• The employer must have filed Form 1099 MISC (Miscellaneous Income), for each worker, if such form was required.

If the employer meets the Section 530 requirements, the section provides businesses with relief from federal employment tax. It terminates the business’s, not the worker’s, employment tax liability (attributable to such workers) under Internal Revenue Code (IRC) Subtitle C (Federal Insurance Contributions Act (FICA)/Railroad Retirement Tax Act taxes, federal income tax withholding, and Federal Unemployment Tax Act (FUTA) taxes, and any interest or penalties attributable to the liability for employment taxes (Rev. Proc. 85-18, 1985-1 C.B. 518).

However, the Section 530 relief provision does not apply in the case of a worker who, pursuant to an arrangement between the business and a client, provides technical services for that client as an engineer, designer, drafter, computer programmer, systems analyst or other similarly skilled worker engaged in a similar line of work. (Social Security Administration/Internal Revenue Service Reporter, Fall 2006.)

Additional information available

For additional information on the worker classification issue, see:

  • IRS Headliner 152, (http://www.irs.gov/businesses/small/article/0,,id=155756,00.html), IRS Offers Tips on How to Correct Misclassification of Employees.
  • Publication 15-A, (http://www.irs.gov/pub/irs-pub/p15A_05.pdf) Employer’s Supplemental Tax Guide.
  • Publication 1779, (http://www.irs.gov/pub/irs-pub/1799.pdf) Independent Contractor or Employee?
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Comments on IRS offers tips on correcting misclassified employee reporting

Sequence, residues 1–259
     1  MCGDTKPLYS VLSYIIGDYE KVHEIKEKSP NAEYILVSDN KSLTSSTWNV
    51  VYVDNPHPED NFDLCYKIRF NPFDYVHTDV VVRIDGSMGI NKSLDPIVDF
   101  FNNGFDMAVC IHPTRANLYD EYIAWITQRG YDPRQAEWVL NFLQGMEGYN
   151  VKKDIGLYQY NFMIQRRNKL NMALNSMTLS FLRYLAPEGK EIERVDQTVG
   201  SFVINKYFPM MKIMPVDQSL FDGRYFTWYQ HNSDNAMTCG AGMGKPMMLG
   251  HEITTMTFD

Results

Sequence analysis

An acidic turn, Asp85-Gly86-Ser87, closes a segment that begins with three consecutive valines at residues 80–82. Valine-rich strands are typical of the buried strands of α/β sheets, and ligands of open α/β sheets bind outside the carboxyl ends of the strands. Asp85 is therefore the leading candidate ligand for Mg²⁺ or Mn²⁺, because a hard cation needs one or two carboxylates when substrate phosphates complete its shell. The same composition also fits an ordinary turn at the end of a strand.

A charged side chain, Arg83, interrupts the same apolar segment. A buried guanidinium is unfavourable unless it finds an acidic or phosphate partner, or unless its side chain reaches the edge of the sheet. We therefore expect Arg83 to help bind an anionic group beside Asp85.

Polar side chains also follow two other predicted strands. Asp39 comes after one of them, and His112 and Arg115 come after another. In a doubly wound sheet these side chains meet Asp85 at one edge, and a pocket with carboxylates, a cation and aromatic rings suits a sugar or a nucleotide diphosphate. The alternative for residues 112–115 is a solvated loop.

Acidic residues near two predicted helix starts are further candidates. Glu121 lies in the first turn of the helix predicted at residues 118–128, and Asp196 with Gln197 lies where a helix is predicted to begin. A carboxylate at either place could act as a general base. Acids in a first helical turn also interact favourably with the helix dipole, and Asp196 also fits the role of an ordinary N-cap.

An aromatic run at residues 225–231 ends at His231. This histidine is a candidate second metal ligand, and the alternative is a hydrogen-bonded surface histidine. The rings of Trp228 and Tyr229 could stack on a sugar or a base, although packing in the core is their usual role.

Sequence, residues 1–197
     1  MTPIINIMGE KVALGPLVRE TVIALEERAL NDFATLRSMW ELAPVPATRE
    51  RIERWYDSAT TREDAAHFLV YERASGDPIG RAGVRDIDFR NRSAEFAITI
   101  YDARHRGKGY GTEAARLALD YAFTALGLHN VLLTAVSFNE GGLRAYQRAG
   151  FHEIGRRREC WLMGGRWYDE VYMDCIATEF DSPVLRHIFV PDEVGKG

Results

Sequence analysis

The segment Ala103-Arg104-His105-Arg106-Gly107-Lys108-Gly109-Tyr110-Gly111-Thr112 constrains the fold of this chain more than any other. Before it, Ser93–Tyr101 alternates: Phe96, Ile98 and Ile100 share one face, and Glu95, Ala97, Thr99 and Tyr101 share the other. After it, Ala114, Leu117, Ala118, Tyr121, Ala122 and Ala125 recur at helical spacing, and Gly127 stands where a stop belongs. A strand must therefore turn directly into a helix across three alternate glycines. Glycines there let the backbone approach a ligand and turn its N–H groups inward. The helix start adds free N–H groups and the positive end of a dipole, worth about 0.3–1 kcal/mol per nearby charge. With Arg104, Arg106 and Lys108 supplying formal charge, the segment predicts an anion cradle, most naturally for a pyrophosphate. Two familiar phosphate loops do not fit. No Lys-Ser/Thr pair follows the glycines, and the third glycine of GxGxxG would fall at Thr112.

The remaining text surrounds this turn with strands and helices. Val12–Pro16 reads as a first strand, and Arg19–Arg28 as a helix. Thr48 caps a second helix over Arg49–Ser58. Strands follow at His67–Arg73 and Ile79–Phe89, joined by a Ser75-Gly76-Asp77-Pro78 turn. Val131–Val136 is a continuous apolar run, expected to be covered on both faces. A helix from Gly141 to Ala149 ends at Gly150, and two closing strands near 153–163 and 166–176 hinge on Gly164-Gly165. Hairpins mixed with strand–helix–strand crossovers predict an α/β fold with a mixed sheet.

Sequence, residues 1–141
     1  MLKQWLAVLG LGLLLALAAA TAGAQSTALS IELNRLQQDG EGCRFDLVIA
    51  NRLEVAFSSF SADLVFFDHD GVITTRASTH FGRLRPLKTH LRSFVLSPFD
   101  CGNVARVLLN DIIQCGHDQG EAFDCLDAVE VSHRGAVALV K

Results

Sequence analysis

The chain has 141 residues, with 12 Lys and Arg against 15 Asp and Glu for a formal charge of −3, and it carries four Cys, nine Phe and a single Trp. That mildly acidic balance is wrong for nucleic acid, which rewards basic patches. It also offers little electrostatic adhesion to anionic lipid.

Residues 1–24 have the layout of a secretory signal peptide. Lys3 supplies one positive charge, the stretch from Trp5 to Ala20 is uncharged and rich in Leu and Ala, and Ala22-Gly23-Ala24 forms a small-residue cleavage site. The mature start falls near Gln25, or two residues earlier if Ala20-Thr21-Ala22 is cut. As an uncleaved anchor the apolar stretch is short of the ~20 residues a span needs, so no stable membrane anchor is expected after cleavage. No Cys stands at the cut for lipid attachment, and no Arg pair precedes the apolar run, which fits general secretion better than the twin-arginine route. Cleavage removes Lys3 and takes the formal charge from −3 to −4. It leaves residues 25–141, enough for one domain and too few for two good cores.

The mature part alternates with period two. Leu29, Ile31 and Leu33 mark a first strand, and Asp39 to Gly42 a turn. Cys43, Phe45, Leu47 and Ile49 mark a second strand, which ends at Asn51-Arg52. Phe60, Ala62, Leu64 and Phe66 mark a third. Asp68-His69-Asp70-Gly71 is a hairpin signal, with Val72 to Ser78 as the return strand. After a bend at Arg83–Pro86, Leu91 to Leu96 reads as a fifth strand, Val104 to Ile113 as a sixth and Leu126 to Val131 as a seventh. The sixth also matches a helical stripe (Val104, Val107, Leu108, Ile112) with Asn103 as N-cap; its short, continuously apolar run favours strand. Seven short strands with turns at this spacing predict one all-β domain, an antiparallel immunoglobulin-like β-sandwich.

February 12, 2010

contractor @ 4:40 pm #

My employer is treating us like contractors to save them money. They have realized their mistakes and are changing us to W2. The problem is that for the years I was 1099 I paid out the rear end in taxes. So my question is this, how do I report the employer to the IRS in order to initiate an audit and rectify the taxes I had to pay that they should have paid?

November 1, 2010

Nancy Porto @ 10:37 am #

As an independent contractor with duly signed agreement of such and services to be rendered to Publishing Company to sell ad space for publication, I was demanded to perform extensive database entries and field work to obtain such without compensation. I felt this was out of my jurisdiction to perform database assignments instead of selling ad space which I was hired to do as an independent contractor receiving commission on ads sold and paid. I agreed to perform such requests but had asked to be compensated for the time spent and taken away from my normal business of selling ads in fear of losing relationship built over eight years with this company. Is the publishing company responsible for wages in this instance or do they have a right to ask for duties to be performed at a level a hired employee should partake which I did not agree with?

February 8, 2011